Elena was aware of the risks she might encounter during her stay in Argentina. Local people always kept reminding her of the numerous dangers of the city. Some girls she knew were coming back to Buenos Aires from a trip in Mendoza. On the way back home on a cab, one of them decided to stop one block before her house, in order to avoid the taxi driver a long drive around the neighbourhood. While walking home, some attackers, who had been hiding behind the trees in the boulevard, pointed a gun against her head and she gave them all her belongings.

This might be scary but it’s also true that “when you face an armed criminal it doesn’t matter whether you are a boy or a girl”, Elena says.

Be aware not afraid

The Canadian Government states on their guide for women travelling alone that there’s potential for sexual assault anywhere in the world. “Taking precautions is your best defence against becoming a victim.

According to the World Health Organization (WHO) 7.2% of women reported experiencing non-partner sexual violence around the world on 2014. There are not reliable statistics about female solo travellers regarding this topic.

In order to avoid unfortunate situations in her journeys, Maxime, a 23- year-old German student who has been traveling throughout the world, trusts her own instinct.

Whenever she doesn’t feel comfortable with someone, she is not afraid of saying “no” or to head to another direction. “I really trust my feelings,I have listened to my inner voice and so far I’ve always been right”, she says.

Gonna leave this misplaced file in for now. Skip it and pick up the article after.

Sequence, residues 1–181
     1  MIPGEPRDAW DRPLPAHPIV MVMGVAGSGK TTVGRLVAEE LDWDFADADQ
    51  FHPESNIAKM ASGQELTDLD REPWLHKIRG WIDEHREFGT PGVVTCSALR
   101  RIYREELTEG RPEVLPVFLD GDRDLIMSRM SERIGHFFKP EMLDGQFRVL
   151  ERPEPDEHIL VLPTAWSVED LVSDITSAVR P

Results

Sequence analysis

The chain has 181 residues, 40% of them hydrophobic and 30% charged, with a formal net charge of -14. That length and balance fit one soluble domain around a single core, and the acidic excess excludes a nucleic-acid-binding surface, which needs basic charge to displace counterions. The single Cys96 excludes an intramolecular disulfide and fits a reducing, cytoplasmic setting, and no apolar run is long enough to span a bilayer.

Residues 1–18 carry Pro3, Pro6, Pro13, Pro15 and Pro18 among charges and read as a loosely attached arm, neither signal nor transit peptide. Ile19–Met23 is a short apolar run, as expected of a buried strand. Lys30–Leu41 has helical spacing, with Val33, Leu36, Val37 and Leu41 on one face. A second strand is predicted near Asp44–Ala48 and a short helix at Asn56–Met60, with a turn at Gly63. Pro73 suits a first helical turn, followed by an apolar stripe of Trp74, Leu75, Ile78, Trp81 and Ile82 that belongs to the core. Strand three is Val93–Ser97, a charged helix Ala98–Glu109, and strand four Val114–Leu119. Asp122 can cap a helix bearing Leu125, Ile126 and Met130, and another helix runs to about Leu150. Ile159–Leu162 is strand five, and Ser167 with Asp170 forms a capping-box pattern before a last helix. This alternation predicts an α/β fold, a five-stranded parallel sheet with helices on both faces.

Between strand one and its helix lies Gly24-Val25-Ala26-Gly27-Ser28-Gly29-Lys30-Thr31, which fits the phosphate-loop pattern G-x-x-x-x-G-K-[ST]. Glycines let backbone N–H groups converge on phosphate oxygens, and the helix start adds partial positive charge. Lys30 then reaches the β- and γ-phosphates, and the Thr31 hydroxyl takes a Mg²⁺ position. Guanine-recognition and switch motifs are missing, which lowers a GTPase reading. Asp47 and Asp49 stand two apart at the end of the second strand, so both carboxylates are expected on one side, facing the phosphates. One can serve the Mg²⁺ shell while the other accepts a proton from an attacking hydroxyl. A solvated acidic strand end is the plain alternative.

Research on nonverbal-communication skills has shown that women are better than men when it comes to reading facial expressions of emotions, explains Dr. Ronald Riggio on Psychology Today’s website.

He adds that women are more likely to pick up on the subtle emotional messages being sent by others. Nonetheless, many experts suggest practical safety measures, such as:

  • Avoid wearing your hair in a ponytail because it makes an easy handle for attackers to grab. It’s better to wear a shorter cut or loose hair;
  • Many assaults occur from people posing as drivers, so it is wise to make reliable arrangements for transportation;
  • Never arrive at night to a new destination;
  • Keep change in your pockets and hide the big bills in your underwear;
  • Always let someone know where you are going.graph women traveling alone

On the bright side

Travelling alone -besides building up confidence – also improves spontaneity.

“I wake up in the morning and I spontaneously decide what to do, like going to another city or even changing my flight! I can decide where to eat, and I don’t need to ask for anyone’s permission. If I want to take pictures I can take as much time as I want”, explains Stefania.

On top of that, travelling alone gives women unique opportunities to try new things, such as food.

The ultimate female traveller, Meher Moos, a 72 years-old Indian woman who has travelled around 180 countries, and still continues to do it, has never refused a good meal. She has tasted hundreds of exotic dishes: from crocodile, to grasshoppers, from monkey brain to worms.

She started travelling in 1965, which was a much more restrictive time for women. However, she managed to overcome all the obstacles travelling alone has and she even became the first Indian woman to travel to Antarctica.

Nowadays there are still challenges for women travelling alone, but nothing should keep them from exploring their world. As Moss advised on a travel conference last year in Mumbai, “Get out of your shell, you dreamers and seekers and Reach for the Sky!”.